Honda has announced that it’s recalling more than 1.4 million cars for a variety of reasons.
In filings with the National highway Traffic Safety Administration (NHTSA), Honda said it’s recalling the vehicles due to three separate issues: a software flaw, drive shafts that can break, and window switches that can overheat and lead to fires.
The recall related to the software flaw includes 737,000 Accords from 2018 to 2020 and Insights from 2019 and 2020. Honda said a programming flaw in a control computer can cause the rear camera, turn signals, and windshield wipers to malfunction.
The drive shaft recall covers 430,000 Honda Civic Hybrids from 2012, the 2007 through 2014 Honda Fit, the 2013 through 2015 Acura ILX and the 2013 through 2015 Honda Accord. The recalls affect vehicles in 22 states where salt is used to clear roads in the colder months.
The window switch recall affects about 268,000 CR-Vs from 2002 through 2006. Honda disclosed to the NHTSA that water can get into a driver’s window if open and cause an electrical short, which could possibly lead to an interior fire. The automaker said it’s aware of 23 fires that have been caused by the issue.
Owners will be notified via mail in late January about when they should take their vehicles to a dealer for repairs. The automaker says owners should take vehicles in for repairs as soon as they get a recall notice.
Other recent recalls
Honda has recalled vehicles due to safety concerns several times in 2020. In August, the automaker announced that it was recalling more than 600,000 model year 2018-2020 Odysseys, model year 2019-2020 Passports, and model year 2019-2021 Pilots.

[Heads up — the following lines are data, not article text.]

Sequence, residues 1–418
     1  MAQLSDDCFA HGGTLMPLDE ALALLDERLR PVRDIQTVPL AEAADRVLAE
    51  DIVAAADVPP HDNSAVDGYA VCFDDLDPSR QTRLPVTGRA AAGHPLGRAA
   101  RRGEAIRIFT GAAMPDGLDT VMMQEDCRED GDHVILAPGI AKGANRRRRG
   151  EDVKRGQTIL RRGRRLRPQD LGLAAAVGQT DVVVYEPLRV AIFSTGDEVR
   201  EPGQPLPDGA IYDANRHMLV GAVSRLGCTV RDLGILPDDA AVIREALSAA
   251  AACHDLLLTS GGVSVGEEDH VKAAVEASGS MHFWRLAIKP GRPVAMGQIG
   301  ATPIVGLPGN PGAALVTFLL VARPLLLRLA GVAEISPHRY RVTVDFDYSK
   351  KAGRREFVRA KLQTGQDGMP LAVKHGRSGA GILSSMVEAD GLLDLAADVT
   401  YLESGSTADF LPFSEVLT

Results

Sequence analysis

Honda said flawed instrument panel control module software could cause the panel to fail to show critical information -- such as engine oil pressure and gear selector position -- until the next ignition cycle.
In April, Honda and Nissan announced the recall of more than 1.3 million vehicles manufactured with Takata PSDI-5D driver air bag inflators. The companies said the inflator may not function properly or could even explode in a crash due to a manufacturing error.
At the start of the year, Honda recalled about 2.7 million vehicles (mostly Acuras) with Takata airbag inflators. However, the inflators involved in that recall weren’t the same ones that were to blame for killing vehicle occupants after exploding.
Honda said older models from 1996 through 2003 might have defective Takata airbag inflators that could have been produced without the "appropriate seals" needed to deploy properly.